57th & 9th
Sting's musical career over the last decade has certainly been varied; he's explored folk and classical music along with his Newcastle roots during his creative journey. After a sojourn, he returns with his first 'rock' album in ten years. To just label the album as typically would be too simplistic. Whilst this album plugs back in his guitar and has, in places, a more commercial sound - like the albums rocky opener, I can't stop thinking about you, it's more sophisticated and poetic.
50,000's vibrant chorus is an afterthought, the verses are straight out of the works of Cohen with a focus on the message rather than the melody. It's a fitting lament to the talent that we have lost this year as Sting melancholically sings, "another obituary in the paper today, one more for the list of those who’ve already fallen, another one of our comrades is taken down, like so many others of our calling." It's an eloquent eulogy for the creatives annus horribilis . After reflecting on his own mortality he faces another fact 'rock stars don't die they only fade away' and the track suitably fades out at its symbolic conclusion.
Another track, Heading South On The Great North Road, has Sting's Gordie vernacular ringing out as he sings a paean to travelling from the north or England to the south in search of a better life. The acoustic track combines the classical and folk tone that we came to draw from his other projects. Drawing some comparison, Inshallah charts the perilous journey of Syrian refugees travelling across the sea of uncertainty in search of hope. Sting gives the track a middle eastern flavour with the melismatic chorus and hesitant rhythms of the doumbek.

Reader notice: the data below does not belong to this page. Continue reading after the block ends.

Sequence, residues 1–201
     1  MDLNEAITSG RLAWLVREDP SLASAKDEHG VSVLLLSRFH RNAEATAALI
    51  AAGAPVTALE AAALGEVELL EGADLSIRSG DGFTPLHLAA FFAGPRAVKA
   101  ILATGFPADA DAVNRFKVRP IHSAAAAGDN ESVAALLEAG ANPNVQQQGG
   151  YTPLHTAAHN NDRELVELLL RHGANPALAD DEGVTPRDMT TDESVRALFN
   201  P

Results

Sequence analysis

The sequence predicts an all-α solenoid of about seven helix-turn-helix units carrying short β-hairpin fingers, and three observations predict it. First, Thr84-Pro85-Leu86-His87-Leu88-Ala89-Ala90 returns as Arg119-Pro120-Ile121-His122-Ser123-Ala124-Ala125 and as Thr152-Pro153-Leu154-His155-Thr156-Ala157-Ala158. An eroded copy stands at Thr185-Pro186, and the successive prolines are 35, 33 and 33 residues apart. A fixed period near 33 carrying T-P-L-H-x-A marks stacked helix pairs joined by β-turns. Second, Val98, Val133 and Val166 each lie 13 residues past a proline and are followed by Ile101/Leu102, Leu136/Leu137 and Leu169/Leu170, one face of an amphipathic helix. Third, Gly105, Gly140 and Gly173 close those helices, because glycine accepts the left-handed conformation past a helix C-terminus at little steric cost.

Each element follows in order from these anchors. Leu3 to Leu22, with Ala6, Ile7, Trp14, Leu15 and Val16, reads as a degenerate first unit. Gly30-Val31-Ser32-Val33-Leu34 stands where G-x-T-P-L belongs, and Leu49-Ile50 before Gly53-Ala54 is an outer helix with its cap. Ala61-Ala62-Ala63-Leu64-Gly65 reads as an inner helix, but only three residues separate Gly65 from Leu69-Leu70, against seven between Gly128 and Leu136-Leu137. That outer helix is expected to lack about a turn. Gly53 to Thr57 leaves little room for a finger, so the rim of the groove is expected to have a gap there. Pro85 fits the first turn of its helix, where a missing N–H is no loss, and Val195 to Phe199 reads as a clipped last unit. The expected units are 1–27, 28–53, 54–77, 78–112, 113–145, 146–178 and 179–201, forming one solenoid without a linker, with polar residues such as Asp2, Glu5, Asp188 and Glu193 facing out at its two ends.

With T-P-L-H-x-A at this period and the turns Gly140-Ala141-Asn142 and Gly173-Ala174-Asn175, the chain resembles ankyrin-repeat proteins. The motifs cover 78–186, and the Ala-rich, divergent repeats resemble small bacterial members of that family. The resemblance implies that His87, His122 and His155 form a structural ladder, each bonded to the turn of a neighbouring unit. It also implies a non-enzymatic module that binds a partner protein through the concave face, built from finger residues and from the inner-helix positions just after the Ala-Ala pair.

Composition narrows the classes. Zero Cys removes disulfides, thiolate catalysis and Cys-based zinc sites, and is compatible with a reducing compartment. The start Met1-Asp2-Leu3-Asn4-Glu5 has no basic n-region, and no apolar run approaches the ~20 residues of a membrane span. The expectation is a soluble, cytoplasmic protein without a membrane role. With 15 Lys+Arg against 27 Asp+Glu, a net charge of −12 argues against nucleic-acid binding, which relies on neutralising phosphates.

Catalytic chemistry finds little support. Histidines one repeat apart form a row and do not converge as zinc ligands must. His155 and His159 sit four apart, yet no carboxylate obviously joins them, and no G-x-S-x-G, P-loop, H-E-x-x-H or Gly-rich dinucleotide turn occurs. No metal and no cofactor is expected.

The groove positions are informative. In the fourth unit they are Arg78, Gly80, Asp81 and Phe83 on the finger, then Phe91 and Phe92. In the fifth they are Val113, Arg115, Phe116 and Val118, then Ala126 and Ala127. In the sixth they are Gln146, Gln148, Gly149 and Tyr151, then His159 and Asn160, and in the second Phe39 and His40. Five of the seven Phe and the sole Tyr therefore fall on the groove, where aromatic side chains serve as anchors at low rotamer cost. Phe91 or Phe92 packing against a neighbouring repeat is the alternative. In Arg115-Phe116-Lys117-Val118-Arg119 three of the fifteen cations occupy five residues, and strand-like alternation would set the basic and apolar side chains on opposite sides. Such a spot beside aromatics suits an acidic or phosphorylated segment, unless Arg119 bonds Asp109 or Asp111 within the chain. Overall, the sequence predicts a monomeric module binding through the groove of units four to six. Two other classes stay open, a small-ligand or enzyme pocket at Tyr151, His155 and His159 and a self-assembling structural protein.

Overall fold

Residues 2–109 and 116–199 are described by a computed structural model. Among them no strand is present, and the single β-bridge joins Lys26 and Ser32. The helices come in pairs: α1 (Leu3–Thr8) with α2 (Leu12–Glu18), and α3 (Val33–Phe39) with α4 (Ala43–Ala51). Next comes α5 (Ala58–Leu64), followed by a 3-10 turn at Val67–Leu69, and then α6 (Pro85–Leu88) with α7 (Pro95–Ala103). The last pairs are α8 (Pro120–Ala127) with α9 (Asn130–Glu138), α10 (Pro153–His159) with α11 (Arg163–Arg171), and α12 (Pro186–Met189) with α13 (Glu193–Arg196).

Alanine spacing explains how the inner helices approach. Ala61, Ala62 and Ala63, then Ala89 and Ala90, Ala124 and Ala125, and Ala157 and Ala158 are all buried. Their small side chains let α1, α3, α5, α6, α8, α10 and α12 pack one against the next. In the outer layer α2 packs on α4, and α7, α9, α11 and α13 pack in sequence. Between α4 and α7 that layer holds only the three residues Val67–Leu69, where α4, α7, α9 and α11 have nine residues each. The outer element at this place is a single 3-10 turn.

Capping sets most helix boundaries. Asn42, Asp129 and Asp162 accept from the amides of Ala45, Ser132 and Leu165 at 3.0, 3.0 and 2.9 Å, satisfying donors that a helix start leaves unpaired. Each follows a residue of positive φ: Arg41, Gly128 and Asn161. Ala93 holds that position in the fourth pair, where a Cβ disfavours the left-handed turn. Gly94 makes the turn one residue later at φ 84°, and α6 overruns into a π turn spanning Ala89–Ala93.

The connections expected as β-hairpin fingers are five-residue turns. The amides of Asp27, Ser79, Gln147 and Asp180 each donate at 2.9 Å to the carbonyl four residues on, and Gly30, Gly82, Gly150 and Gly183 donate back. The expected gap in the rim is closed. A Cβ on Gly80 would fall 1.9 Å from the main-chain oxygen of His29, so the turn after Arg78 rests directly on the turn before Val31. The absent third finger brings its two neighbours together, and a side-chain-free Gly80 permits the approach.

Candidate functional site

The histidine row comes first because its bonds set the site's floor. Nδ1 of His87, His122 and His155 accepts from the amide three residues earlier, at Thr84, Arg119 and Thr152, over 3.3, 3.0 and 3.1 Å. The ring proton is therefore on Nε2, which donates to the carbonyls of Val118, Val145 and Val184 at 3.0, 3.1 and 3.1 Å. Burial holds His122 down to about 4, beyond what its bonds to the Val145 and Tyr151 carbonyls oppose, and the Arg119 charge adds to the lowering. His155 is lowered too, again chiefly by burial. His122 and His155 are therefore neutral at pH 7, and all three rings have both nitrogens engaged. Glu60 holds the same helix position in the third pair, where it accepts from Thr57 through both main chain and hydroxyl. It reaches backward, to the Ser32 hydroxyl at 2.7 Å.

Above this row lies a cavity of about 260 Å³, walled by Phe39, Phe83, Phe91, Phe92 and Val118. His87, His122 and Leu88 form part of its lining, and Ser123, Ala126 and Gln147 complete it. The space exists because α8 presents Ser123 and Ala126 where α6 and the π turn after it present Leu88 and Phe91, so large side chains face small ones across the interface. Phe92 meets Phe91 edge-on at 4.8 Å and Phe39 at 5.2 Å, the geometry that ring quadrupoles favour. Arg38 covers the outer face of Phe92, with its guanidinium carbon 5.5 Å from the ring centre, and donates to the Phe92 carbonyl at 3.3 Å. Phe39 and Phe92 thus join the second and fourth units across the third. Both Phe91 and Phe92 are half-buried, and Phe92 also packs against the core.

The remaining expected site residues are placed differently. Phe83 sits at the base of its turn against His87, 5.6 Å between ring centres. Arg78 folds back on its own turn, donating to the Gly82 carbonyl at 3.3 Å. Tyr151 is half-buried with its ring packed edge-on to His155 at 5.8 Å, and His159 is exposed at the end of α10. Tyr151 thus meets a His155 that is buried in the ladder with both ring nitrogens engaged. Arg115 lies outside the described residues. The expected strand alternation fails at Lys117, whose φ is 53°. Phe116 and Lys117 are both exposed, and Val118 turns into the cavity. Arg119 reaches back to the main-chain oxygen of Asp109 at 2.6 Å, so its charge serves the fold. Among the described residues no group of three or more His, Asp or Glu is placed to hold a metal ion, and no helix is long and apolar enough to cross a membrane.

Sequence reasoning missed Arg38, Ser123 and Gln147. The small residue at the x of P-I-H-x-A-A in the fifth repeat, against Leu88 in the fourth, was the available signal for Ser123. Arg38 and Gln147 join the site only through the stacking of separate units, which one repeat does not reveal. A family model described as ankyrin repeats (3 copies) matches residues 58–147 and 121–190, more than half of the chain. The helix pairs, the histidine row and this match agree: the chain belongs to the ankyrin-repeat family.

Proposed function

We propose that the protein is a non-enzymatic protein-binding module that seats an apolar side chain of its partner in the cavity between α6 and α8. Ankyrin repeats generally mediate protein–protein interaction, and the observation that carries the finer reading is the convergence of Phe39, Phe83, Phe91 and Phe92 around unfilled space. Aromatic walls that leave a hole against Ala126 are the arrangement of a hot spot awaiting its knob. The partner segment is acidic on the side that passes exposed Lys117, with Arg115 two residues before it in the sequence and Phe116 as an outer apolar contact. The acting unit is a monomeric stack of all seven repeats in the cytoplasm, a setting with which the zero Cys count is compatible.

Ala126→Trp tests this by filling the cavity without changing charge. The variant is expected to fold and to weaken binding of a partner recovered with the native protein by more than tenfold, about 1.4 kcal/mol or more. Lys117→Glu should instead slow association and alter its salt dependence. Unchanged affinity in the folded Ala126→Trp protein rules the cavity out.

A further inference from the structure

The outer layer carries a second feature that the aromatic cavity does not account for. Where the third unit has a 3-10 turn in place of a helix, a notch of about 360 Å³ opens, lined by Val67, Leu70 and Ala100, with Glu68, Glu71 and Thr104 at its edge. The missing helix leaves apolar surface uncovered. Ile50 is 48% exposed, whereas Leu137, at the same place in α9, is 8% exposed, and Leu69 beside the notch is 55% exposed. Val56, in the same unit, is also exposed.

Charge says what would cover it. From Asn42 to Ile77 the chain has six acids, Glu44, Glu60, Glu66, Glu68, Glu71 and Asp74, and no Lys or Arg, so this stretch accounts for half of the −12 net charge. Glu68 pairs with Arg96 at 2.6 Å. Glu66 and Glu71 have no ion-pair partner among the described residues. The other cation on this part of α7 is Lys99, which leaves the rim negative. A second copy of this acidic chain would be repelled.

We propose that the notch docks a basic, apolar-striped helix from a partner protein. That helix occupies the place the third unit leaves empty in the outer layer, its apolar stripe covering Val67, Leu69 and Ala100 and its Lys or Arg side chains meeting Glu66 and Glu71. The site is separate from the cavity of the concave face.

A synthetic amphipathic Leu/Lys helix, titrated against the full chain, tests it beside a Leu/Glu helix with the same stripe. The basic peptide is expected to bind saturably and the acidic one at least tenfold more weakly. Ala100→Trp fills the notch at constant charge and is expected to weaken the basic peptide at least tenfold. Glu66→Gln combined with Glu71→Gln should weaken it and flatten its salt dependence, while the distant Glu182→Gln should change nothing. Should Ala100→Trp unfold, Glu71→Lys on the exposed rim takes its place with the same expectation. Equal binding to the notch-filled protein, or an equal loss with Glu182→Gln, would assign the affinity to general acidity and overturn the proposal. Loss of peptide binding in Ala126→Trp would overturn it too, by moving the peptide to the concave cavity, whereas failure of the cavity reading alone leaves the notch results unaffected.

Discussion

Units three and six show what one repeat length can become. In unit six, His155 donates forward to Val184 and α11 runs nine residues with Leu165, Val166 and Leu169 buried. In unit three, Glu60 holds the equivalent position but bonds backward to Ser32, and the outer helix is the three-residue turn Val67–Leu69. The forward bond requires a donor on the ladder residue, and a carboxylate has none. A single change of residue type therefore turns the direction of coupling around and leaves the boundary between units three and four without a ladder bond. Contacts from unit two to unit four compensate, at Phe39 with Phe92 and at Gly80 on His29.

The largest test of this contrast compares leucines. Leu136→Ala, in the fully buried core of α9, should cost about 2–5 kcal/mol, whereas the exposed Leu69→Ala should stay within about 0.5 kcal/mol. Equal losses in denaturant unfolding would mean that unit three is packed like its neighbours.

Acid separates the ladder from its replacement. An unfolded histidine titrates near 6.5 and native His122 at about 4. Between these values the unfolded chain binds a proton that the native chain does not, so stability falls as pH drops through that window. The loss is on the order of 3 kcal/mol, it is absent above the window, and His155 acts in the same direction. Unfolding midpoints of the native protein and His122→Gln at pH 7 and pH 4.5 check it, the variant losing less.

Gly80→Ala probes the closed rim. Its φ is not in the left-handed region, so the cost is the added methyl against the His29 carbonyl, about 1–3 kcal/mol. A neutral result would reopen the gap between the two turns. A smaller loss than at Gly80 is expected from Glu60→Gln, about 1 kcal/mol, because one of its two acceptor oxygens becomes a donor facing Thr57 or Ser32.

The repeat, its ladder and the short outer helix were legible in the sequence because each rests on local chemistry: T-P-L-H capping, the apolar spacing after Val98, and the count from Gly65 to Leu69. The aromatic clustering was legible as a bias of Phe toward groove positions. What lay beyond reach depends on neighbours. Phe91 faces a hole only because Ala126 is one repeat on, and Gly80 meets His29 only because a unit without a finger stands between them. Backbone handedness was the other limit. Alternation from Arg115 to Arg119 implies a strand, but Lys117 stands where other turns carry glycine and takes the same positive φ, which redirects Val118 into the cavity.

Petrol Head cranks things back up with a traditional rock/ blues sound and One Fine Day is a typically optimistic sounding Sting track. The Empty Chair (new version) is another moving and evocative track of loss inspired by the execution of photojournalist James Foley. The heartfelt impassioned song is the final track of the album and couldn't be more different than the opener. Both tracks bookend the album perfectly and just go to show how much Sting has evolved as an artist using his entire musical heritage to make this album.
With so many varied influences to draw from, Stings latest album may be given the rock tag, but don't be fooled into thinking it's simply a guitar and drum based album, life has imbued Sting's latest body of work with so much more.
Groupie Rating: 4/5